How and why did you get involved in human rights in Yemen?

I have felt a sense of guilt about people who are oppressed since I was a child. My activism started in 2004 during a six-year war between the regime of former Yemeni president Ali Abdullah Saleh and the Houthis, an armed rebel group.

I wrote several opinion pieces against war and its abuses. Some families of those arrested in Sana’a (Yemen’s capital city) asked for my help, and alongside other male and female activists, I stood with them. We organized several campaigns opposing detention and war.

How has life changed for you since the start of the civil war in 2015?

The situation in Yemen wasn’t good – even before the war. Since the Houthis took control of Sana’a in 2014, and the Saudi-led coalition launched their aerial military campaign in March 2015, every family in the country has been shedding tears: either for a relative lost in the war or a detainee confined behind bars.

No matter how high the mutual interests between Britain and Saudi Arabia, the blood cost is ultimately higher

Citizens are now without a state or a constitution to protect their rights. Political parties are not providing the basic essentials for people in government or Houthi-controlled areas. Yemenis are stranded between the aerial and ground violations of the parties involved.

I am a part of this nation and the suffering of others is mine as well. But I have decided to face this situation and continue my work.

What is life like for women in Yemen?

Yemeni women have the same but double sufferings [as men]. Many women suffer from a lack of education, early marriage, exclusion from political participation and other forms of discrimination. But if a woman has the support of her family then nothing can stand in her way; there are no laws preventing her participation in all aspects of life.

You are the chairperson of the Mwatana organization for human rights. What kind of things do you do?

Mwatana follows an investigative research approach to ensure accurate documentation of human rights violations. We play a lobbying and advocacy role to support victims of human rights abuses.

Besides publishing reports and documentaries, we monitor and publish information on arbitrary detention and forcible disappearances, facilitate contact between detainees and their families and work to set all those arrested and disappeared free. We also work on training and awareness-raising as part of our mission to create a human rights collective awareness.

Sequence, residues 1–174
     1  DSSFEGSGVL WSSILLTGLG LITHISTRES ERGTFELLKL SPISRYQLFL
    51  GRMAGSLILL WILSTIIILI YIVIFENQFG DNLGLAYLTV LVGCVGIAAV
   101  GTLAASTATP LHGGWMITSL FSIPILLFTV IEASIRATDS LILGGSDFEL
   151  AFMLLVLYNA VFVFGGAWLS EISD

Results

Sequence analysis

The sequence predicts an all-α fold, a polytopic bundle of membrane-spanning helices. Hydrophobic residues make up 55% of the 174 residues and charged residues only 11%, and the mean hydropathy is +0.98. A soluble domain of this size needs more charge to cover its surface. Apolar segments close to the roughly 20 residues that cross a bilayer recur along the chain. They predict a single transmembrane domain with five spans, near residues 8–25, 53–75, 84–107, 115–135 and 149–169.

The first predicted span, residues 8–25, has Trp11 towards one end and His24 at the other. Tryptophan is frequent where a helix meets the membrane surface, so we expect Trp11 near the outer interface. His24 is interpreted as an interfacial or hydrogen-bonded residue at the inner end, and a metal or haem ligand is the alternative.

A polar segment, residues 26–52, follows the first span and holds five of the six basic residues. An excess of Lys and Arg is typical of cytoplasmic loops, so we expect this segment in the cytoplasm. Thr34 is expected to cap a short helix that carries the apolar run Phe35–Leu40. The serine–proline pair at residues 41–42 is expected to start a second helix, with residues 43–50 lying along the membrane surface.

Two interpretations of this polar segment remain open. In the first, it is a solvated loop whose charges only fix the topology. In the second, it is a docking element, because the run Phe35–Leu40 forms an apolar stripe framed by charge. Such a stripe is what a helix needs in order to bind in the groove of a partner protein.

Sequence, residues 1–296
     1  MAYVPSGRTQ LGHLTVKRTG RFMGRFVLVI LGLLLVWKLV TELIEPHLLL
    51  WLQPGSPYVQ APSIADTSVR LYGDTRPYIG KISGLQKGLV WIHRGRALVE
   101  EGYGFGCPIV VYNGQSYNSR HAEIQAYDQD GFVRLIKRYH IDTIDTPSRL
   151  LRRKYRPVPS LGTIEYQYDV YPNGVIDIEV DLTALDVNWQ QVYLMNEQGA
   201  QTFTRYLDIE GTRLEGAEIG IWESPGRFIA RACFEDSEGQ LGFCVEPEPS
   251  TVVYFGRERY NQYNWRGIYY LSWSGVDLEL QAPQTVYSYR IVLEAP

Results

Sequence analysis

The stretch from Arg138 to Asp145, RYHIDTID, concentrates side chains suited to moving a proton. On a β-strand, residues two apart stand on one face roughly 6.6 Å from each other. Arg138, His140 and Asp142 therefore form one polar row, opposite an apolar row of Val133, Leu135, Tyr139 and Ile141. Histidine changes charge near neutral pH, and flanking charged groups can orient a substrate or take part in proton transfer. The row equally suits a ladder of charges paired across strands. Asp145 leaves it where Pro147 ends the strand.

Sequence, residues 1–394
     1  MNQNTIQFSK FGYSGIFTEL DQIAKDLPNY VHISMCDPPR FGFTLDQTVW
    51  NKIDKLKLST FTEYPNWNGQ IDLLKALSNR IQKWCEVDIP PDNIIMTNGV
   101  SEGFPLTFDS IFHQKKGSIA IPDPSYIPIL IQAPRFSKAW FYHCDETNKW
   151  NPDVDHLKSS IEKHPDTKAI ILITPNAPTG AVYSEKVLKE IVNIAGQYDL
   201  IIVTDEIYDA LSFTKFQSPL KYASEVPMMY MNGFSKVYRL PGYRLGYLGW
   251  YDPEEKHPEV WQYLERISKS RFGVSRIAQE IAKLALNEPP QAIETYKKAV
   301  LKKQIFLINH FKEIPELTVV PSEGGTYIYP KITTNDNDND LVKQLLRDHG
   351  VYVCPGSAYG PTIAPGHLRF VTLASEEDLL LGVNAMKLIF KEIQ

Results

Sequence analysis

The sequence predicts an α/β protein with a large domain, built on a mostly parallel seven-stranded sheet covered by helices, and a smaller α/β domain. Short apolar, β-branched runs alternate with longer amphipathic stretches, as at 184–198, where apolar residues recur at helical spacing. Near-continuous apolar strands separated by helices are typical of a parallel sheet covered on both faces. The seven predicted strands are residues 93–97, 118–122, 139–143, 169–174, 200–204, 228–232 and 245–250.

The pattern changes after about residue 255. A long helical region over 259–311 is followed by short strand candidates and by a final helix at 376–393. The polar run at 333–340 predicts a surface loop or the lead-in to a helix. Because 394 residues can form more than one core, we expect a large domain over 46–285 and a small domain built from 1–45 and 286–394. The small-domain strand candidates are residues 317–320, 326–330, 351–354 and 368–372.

Radhya Almutawakel

It sounds like risky work. Have you been the target of intimidation?

Some fellow civil society activists and I were once beaten by a group of women that the Houthi armed group sent to disperse a protest where we were demanding to know the destiny of a forcibly disappeared civilian. We were detained for hours.

The executive director of Mwatana, Abdulrasheed Al-Faqih, has been arrested twice by the Houthis and has had his passport confiscated on a separate occasion. Four Mwatana field researchers have been arrested and released at various times; one of them spent over two weeks in detention.

Britain sells weapons to Saudi Arabia, do you think this makes it complicit in the war in Yemen?

Britain hurts itself when it insists on supporting a state that has committed documented war crimes against Yemeni civilians.

Mwatana has documented the aerial attacks against civilians in which British weapons were used. Britain’s support of Saudi Arabia is not limited to the selling of weapons; it also provides political and intelligence support.

The first US drone strike under President Trump took place in the al-Baidha province and killed 15 civilians

It is so hurting and frustrating that Britain has supported Saudi efforts of preventing an international, independent inquiry mechanism to investigate violations of all parties to the conflict in Yemen. No matter how high the mutual interests between Britain and Saudi Arabia, the blood cost is ultimately higher.

The number of drone strikes in Yemen increased drastically under the Obama administration. Do you expect more of the same under Trump?

The first US drone strike under President Trump took place in the al-Baidha province [on 21 January] and killed 15 civilians – ten children and five women, documented by Mwatana. This is a very big number and the military target of the operation is still unclear.

As usual with the drone program, transparency is absent. The new worrying development in these drone operations is the accompanying ground raids which seem random and careless about civilians.

Is there enough humanitarian assistance on the ground in Yemen?

Humanitarian assistance cannot be enough because the catastrophe is too big and can only be addressed by state capabilities. Humanitarian organizations are trying to play an important role but they only bridge gaps.

The accessibility of such organizations on the ground is restricted due to setbacks posed by various armed groups. The end of the humanitarian catastrophe in Yemen demands the end of the war in the first place.

Under darkness, Gazans mark a new year

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View of Gaza's marina. © Jason Shawa

Gaza Reconstruction Mechanism set up in 2014, has tightened these restrictions, says Shawa.

A father and his two daughters were three of the first Palestinians to suffer injuries related to Gaza’s electricity crisis this year. They have been left with moderate burns after a candle the girls lit to do their homework started a fire in their apartment in Gaza City on 2 January.